North

Reported crime down 'almost right across the board' during pandemic, say Yukon RCMP

RCMP Supt. Scott Sheppard says things have been a little quieter at the Yukon detachment these days, but that that's not always a good thing — especially when it comes to sexual and domestic assault.

'Significant' decrease in reports of sexual or domestic assault a concern, say police

Yukon RCMP say reported crime has been down during the COVID-19 pandemic. (CBC)

RCMP Supt. Scott Sheppard says things have been a little quieter at the Yukon detachment these days — but that that's not always a good thing.

"The whole issue of crime, you know during this COVID[-19] pandemic state that we're in, is generally down," he said.

"In fact you know, almost right across the board, across all categories of crime."

What concerns Sheppard though, is the "significant" decrease in reports of sexual or domestic assault.

"I don't think things have changed that drastically that there's an explanation to why they're down, beyond I think people are reluctant in reporting — probably because of COVID[-19]," he said.

RCMP Supt. Scott Sheppard believes people may be more reluctant to report domestic assault, because of the pandemic. (Martine Chenier/RCMP)

"We know that there are some people who are afraid to even go to the hospital."

He says sexual and domestic assaults generally tend to be underreported, and that adding "another layer or another obstacle" may discourage even more victims from coming forward.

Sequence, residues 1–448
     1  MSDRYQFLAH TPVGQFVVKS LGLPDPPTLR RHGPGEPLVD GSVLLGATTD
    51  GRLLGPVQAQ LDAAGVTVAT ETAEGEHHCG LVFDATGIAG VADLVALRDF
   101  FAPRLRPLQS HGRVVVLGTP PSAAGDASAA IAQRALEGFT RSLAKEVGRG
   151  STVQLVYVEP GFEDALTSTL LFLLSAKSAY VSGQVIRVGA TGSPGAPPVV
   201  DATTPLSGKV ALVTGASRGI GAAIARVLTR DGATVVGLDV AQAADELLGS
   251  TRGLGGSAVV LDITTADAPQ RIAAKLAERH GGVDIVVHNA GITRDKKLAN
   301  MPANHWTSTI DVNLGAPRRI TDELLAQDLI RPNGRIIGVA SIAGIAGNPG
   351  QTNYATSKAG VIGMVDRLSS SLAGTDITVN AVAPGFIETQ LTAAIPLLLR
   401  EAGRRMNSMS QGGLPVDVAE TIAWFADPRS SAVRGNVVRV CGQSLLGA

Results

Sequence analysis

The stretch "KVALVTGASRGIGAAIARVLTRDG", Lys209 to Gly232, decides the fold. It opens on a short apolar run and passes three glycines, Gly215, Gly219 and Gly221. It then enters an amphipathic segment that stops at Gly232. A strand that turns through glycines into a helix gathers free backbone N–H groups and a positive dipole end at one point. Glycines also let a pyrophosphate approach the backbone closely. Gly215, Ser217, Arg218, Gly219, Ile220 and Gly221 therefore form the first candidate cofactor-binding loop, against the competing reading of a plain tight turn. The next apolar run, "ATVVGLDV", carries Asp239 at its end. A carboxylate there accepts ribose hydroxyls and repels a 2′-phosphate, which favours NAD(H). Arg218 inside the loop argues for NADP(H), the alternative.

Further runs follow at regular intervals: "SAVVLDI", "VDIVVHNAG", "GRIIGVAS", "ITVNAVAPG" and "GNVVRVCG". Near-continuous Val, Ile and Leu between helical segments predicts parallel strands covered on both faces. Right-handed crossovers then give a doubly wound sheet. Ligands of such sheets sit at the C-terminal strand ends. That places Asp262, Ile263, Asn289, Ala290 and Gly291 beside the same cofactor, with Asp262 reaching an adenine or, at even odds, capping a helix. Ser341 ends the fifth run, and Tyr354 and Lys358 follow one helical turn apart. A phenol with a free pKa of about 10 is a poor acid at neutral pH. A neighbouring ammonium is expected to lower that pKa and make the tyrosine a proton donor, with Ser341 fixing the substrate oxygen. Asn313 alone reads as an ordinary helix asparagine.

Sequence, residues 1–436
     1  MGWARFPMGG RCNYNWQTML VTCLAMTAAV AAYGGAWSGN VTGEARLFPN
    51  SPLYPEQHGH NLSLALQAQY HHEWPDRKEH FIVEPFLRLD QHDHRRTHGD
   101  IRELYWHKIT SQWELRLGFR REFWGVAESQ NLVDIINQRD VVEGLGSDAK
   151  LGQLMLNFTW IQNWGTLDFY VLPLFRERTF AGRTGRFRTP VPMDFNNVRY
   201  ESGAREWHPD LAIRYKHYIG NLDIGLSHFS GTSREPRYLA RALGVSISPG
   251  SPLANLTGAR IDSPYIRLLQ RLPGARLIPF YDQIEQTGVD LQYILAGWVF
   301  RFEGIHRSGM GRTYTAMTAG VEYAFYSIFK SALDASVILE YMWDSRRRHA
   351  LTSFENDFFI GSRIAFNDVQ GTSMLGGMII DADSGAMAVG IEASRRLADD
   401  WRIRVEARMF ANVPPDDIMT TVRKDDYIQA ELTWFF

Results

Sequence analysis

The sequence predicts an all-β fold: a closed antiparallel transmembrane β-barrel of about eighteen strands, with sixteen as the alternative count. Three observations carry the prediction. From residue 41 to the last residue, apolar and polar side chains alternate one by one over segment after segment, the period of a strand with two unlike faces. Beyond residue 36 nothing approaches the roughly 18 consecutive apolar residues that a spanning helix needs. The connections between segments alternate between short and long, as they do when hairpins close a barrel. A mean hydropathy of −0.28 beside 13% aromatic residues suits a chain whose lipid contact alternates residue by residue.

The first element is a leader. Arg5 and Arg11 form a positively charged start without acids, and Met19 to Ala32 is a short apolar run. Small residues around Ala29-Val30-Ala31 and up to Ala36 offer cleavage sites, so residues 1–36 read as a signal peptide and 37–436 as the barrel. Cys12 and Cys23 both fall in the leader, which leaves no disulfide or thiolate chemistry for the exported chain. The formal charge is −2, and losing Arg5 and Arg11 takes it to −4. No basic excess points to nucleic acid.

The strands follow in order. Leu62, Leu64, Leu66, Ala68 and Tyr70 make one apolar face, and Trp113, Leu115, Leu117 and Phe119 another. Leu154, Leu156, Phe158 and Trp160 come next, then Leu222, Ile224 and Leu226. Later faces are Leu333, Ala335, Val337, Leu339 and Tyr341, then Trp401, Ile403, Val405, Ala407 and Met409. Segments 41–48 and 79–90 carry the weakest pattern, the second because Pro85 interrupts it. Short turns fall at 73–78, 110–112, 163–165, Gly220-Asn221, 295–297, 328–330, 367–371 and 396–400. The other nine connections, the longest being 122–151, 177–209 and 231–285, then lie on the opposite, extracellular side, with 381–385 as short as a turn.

Last week, Canada's minister for women and gender equality said that the COVID-19 crisis has empowered perpetrators of domestic violence as consultations reveal that abuse rates are rising in parts of the country.

Climbing rates of domestic violence have been reported around the world amid orders to stay indoors and limit social interaction to curb the spread of COVID-19.

People at home means less opportunity for thieves

Sheppard is less concerned about the decrease in other reported crimes. Domestic property crimes seem to be down, and the reason might be obvious — people are at home more these days.

"When you have people generally staying around their property, there are fewer opportunities for these types of crimes to be committed — whether it be thefts or mischief to someone's property," Sheppard said.

Officers have also been doing more "old-fashioned police work," he says, patrolling businesses and the industrial area in Whitehorse in the quiet hours. Any expected increase in crime there hasn't really happened, he said.

Downtown streets have been relatively quiet in Whitehorse during the COVID-19 pandemic. (Karen McColl/CBC)

He says officers have been busier with drug enforcement, but not necessarily because there's more crime — officers just have more time to focus on it.

"We've just been taking the opportunity because you know that there's obviously concerns with people engaging in that type of activity, that up-close-and-personal activity. Many of the people engaged in the drug community, you know they make the rounds, they go into communities, they're all over the territory," he said.

"Unto itself it's a concern for us, from our drug enforcement perspective and protecting that vulnerable segment of the population. It's also another vector for the [COVID-19] disease, which is of concern."

With files from Christine Genier, Ashley Burke and Olivia Stefanovich